That is indeed Lacy Street, but  he located two of them in places on completely different railway lines. That caused me a lot of confusion. One of them had the gaggle of train spotters below traipsing around like crash test dummies on what he believed was the (incredibly busy) main Paisley to Glasgow line at Arkleston. It's actually Ferguslie Station.


Rowand relates three legends. Trains he writes were used to transport wounded soldiers in world war I to Paisley East then by bus to Ralston hospital. Thousands of American GI helmets were dumped in the scrap yard near Lacy Street and  one of the trains carried an anti aircraft gun on board during WWII. Chasing Luftwaffe bombers with a train is unlikely to be successful and could actually be very dangerous if you weren't careful. He describes the line as the Paisley/ Barrhead Railway suburban network. That was the clue that lead me to professional railway website, Railscot.

Railscot referred to it as the Paisley and Barrhead District Railway which went from Paisley St James to Lyoncross via Barrhead with a branch from Barrhead to Paisley East. This was meant to be a circular network that included Paisley Gilmour Street allowing access to the Clyde coast and Lanarkshire. It cleared up some confusion revealing there was a branch from St James, skirting Ferguslie Park, Foxbar and Glenburn meeting at Blackbyres in Barrhead. that was the same line and also known as the Dummy Railway

It revealed that the connection at Arkleston was never completed and that no passenger service was ever scheduled on the line. By the 1950s, a single train emerged from Lyons coal yard every day, delivered coal and returned later. The west branch continued until 1984 transporting electric train bodies from Pressed Steel at Linwood.


 A failure to reply to an email forced me to 'liberate' their (what they thought were protected ) photos for Paisley, City of Culture 2021. Permission was given (the GH Robin  photos were copyright Mitchell Library). It was his first class photos that inspired the website.

Computer geek 1 0 railway geek

I created the original Wikipedia page which has since been changed by an 'upstart interloper'. There is a disagreement about where the coal  came from. While he is right that the junction at Lyoncross was connected, two books states that the line from Barrhead South to Lyoncross was never used due to gradient issues despite this spectacular viaduct below. This was a big deal because it was meant to transport  Lanarkshire coal to Paisley and Barrhead. The coal must have come all the way round the loop from St James. We'll never know for sure.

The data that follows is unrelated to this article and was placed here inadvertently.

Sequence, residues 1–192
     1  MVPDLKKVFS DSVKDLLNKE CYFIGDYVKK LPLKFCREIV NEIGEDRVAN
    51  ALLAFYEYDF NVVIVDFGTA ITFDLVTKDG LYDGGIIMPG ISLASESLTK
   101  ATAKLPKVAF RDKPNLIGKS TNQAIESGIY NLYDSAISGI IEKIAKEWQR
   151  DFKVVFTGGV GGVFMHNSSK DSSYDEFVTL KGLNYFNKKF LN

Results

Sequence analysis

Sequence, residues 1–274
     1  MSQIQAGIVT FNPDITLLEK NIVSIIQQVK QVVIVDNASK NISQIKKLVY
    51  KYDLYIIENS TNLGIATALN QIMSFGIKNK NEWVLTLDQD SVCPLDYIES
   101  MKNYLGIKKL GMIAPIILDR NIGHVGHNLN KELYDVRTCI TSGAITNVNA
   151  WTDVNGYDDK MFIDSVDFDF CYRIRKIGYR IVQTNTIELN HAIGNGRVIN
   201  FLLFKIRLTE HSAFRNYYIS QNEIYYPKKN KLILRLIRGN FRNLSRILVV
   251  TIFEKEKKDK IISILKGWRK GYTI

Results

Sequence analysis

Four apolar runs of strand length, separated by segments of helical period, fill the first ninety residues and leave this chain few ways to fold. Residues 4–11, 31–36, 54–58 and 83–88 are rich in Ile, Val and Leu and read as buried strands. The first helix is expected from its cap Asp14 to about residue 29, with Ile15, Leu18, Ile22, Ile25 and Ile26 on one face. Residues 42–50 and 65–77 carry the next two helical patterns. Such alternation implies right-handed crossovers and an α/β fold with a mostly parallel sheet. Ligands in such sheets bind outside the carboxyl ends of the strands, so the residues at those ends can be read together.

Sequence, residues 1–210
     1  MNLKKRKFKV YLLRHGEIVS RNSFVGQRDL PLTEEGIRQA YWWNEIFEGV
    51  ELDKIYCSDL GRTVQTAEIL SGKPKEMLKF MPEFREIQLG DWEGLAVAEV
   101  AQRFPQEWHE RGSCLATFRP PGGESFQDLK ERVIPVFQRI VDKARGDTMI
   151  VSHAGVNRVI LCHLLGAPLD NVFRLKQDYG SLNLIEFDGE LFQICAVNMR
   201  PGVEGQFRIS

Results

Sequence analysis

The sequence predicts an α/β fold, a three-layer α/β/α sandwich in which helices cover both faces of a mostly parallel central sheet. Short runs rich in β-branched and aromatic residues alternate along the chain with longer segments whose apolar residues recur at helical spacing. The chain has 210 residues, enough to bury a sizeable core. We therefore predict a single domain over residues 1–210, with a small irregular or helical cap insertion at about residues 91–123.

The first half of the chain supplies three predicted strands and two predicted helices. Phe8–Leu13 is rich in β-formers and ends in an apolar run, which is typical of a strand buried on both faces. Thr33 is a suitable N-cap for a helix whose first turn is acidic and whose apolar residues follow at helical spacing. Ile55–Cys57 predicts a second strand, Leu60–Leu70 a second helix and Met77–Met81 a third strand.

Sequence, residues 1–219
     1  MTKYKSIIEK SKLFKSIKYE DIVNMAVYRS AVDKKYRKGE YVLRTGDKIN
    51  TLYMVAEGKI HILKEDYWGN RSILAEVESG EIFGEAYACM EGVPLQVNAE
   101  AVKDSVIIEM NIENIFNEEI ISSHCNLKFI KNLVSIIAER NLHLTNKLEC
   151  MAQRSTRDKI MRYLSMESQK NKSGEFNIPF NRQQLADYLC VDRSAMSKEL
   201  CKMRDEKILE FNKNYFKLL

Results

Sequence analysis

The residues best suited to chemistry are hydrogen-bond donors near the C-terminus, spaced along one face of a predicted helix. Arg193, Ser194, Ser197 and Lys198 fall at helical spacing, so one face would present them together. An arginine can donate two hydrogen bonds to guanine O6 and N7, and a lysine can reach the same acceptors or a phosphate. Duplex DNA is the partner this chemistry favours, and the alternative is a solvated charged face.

The strangest part of the research journey was uncovering a Canadian National Railway's magazine article . As it is copyright, only 3 or 4 lines are revealed in a word search. It took a considerable amount of compulsive searching  to retrieve the whole thing like a jigsaw made out of words. It provided the last piece of the Dummy Railway history.

A bridge that ought to have carried the line over a roadway at Whitehaugh is gone, and the permanent way stops just short of the main line. The explanation of all is that when the line was all but completed in 1903, the advent of the the trams knocked all consideration of running a train service out of court. But by Board of Trade regulation the Caledonian Company were under an obligation , if they completed the line to run a certain minimum number of trains per day. In order not to be under that necessity they purposely left the line unfinished. But what a sum of money must have gone with that decision."

In fact £720,000, that's £84 million in today's money. So, the unfinished link was a ruse to prevent the Caledonian Railway (who now owned the line) from an even bigger loss fighting a losing battle with the new fangled trams. This fine piece of writing from the same article sums up the tragedy of the Dummy Railway

 It would be difficult for the original designers of Paisley East station to recognize their handiwork. No phantom trains draw into its platforms, no ghostly passengers stand waiting for the shrill whistle that should be heard at midnight, no spectral porters call the last train. The Paisley-Barrhead line is that last of all abandoned things, a human work that has never been used.

The stations were ignominiously converted to dwelling houses. That's a homely, little vegetable garden at the bottom of those stairs. However, no amount of Irn Bru or paracetemol could protect a hung-over tenant from the horrors of a long coal train endlessly rumbling, rattling, clacking and screeching through the middle of their head at eight in the morning..  s

Paisley East (to the left of the bridge) became a garage. Local legend has it that there were two platforms, platform 1 and  platform 9 3/4. No one knows why ....



The full story of the Dummy Railway

Articles about the dummy railway 

Anecdotes about old paisley railways.